Apple's 1984 ad
The Chiat/Day advertising agency commissioned Ridley Scott to direct this
60-second advertisement which aired during the 1984 superbowl game. It
heralded the introduction of the Apple Macintosh computer,
but never once showed it, and only mentioned it on-screen (text with voiceover)
for a few seconds at the end:
On January 24, 1984, Apple Computer will introduce Macintosh.
And you'll see why 1984 won't be like "1984."
As the text suggests, the theme of the ad was Orwell's dystopian
novel. Drones illuminated by sterile arc-lamp light march in weary step, like
convicts, in identical baggy stripeless concentration-camp tunics and pants
through plastic tunnels to the sound of a haranguing Big Brother.
The air is smoky, or full of ash, and when the drones emerge from the tunnel
they enter a theater whose architecture dwarfs and dehumanizes them. In the
theater, we now see on a giant screen Big Brother giving his speech, while serried
rows of seated drones stare in hopeless obedience at the screen. All colors
are gray, and even the blacks seem washed out: it is a colorless world.
In the background, fighting with the overamplified Big Brother, is what sounds
like an alarm klaxon, and we cut to a beautiful young woman athlete running
down the corridor leading to the theater, a sledge hammer in hand. She is dressed
in a tightly-fitting gymnast's top in brilliant white, bright orange shorts,
white athletic wrist bands, white running socks and red running shoes. Her blond
hair, skin, and clothing are the brightest colors in the entire ad; she is well-endowed
and wears no bra, so that our eyes are drawn (well, men's
eyes, but they are the demographic superbowl ads are aimed at) to her chest, where an early, colorful
Macintosh icon, a stylized little apple sitting next to an equally stylized
Mac box with keyboard, bobs around.
She is being chased by police in riot gear, complete with masks. They carry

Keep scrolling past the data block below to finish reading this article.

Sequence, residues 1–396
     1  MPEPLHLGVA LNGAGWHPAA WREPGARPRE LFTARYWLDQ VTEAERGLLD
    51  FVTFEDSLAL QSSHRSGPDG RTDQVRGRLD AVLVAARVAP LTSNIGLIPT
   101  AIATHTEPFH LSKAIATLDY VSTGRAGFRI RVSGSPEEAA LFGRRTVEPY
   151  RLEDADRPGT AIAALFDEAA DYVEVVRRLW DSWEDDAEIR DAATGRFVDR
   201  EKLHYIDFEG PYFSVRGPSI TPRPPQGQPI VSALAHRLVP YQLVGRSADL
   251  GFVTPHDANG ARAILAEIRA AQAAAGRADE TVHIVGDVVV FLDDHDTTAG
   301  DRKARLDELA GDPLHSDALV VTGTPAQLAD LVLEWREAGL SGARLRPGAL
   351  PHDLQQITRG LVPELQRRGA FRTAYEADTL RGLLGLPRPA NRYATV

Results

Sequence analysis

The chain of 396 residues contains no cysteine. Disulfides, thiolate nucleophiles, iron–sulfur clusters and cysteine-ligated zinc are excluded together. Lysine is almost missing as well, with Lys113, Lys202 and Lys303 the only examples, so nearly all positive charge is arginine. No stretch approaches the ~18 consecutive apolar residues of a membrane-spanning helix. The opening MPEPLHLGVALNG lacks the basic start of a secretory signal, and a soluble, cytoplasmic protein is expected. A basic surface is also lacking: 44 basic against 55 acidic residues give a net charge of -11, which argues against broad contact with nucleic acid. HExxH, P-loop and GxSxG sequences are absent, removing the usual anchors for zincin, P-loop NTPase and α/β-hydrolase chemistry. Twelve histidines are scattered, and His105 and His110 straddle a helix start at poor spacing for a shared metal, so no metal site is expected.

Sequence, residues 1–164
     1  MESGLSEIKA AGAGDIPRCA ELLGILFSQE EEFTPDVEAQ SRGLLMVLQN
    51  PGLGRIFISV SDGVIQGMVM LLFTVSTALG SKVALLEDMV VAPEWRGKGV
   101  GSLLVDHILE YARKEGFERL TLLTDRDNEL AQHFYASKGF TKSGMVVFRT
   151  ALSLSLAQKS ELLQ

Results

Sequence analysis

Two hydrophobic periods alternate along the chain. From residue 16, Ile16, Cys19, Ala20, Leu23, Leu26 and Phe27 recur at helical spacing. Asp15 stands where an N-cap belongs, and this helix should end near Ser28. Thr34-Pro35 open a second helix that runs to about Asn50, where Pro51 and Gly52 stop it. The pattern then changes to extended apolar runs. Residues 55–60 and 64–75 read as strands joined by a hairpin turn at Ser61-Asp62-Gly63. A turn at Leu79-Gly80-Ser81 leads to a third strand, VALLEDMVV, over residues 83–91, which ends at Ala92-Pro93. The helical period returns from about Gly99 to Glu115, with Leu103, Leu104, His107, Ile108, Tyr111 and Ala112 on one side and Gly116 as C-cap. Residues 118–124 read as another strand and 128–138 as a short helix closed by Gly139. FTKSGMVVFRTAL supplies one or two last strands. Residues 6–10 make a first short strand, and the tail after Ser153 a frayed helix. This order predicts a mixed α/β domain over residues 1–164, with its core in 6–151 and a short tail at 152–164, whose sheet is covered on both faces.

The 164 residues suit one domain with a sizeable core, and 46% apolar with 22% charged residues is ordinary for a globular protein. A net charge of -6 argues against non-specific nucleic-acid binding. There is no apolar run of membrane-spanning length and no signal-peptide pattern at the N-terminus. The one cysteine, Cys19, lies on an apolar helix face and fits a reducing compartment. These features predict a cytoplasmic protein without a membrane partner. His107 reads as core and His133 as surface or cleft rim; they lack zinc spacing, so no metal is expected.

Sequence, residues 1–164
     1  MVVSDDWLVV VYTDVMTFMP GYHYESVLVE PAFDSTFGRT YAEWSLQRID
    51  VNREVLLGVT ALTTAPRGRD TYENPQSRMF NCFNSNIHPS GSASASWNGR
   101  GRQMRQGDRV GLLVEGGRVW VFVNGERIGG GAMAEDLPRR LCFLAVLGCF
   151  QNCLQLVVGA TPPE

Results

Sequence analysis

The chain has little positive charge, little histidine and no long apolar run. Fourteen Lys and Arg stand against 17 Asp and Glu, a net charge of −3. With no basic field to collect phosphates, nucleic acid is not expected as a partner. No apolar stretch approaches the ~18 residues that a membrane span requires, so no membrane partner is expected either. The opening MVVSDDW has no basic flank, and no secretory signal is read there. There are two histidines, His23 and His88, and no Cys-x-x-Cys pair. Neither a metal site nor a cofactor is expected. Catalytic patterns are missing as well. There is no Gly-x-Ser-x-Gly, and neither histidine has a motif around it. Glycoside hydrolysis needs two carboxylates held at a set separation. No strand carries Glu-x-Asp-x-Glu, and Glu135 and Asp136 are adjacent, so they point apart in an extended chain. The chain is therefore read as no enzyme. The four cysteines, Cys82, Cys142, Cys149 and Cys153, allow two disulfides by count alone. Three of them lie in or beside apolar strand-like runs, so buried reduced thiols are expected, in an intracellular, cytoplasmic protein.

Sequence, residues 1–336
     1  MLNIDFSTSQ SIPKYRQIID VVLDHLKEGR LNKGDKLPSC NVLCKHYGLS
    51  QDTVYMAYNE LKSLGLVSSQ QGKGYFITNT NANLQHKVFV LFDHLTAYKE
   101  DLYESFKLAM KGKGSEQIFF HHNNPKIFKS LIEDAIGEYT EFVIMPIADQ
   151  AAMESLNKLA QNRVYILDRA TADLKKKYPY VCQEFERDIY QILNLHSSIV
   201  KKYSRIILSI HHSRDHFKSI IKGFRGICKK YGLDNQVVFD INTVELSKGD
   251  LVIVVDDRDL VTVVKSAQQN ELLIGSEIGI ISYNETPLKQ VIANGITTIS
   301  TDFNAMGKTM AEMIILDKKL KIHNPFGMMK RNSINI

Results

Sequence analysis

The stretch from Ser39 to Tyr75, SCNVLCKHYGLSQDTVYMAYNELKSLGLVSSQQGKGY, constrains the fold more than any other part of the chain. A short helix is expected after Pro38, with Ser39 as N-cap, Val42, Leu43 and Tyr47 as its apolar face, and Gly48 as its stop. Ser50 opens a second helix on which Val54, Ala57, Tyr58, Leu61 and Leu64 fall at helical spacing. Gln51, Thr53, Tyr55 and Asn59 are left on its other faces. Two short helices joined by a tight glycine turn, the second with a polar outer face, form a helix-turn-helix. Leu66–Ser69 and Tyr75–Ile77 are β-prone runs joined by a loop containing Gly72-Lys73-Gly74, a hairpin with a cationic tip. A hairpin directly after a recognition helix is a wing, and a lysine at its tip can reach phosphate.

truncheons, and are only about 50 paces behind the woman. She runs into the
theater, and, taking up a position close to the screen with Big Brother, she
whirls, launching her hammer into the screen. The only human sound in the commercial
aside from the (arguably inhuman) Big Brother's voice is the woman's cry from
the effort of launching the hammer. Big Brother's face explodes, sending shockwaves
of dust and gas back into the seated drones, who sit dumbstruck (their jaws
depicted exaggerratedly dropped) at this rebellious act. Over the dumbstruck
faces scrolls the text quoted above. At the end, the old multicolored Apple
Computer apple icon flashes briefly.
The scholar Jim Twitchell examined this ad in his worthwhile Twenty Ads
that Shook the World, noting quite rightly that Scott's dystopian world
is right out of 1920s German expressionist film by directors like Murnau and
Lang. He also cogently notes that the Macintosh has as its representative a
woman--indeed, one flaunting her secondary sexual characteristics--whereas the
drones are either androgynous or male
(many of their heads are shaven, and a few have respirator masks over their
faces). Big bad old IBM is a bunch of men, and in male
fashion impose their rigid logic on you; Apple has flexible, iconoclastic, intuitive
power on its side.
The ad did terribly when screened by test audiences, and Apple evidently wanted
to axe it (the ad cost $400,000, and the superbowl time cost half a million
dollars). Twitchell relates that when the board of directors were about to can
the commercial, Woz turned to Jobs and said "I'll
pay for half if you pay for the other half." And so the commercial ran.
Twitchell reprints the script of the ad, which Chiat/Day released. Here is
Big Brother's speech:
For today, we celebrate the first, glorious anniversary of the Information
Purification Directives. We have created, for the first time in all history
. . . a garden of pure ideology . . . where each worker may bloom secure from
the pests of contradictory and confusing truths. Our Unification of Thought
is more powerful a weapon than any fleet or army on earth. We are one people.
With one will. One resolve. One cause. Our enemies shall talk themselves to
death. And we will bury them with their own confusion. We shall prevail!
Twitchell, J. 2000. Twenty Ads that Shook the World. (Pp. 184-193.)